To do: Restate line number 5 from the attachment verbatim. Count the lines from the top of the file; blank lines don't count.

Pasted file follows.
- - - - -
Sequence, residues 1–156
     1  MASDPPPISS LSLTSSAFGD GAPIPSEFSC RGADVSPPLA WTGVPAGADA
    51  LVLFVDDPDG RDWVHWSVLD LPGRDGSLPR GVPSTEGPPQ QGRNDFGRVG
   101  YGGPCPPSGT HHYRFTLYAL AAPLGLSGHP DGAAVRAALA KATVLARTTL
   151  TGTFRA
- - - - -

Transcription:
   151  TGTFRA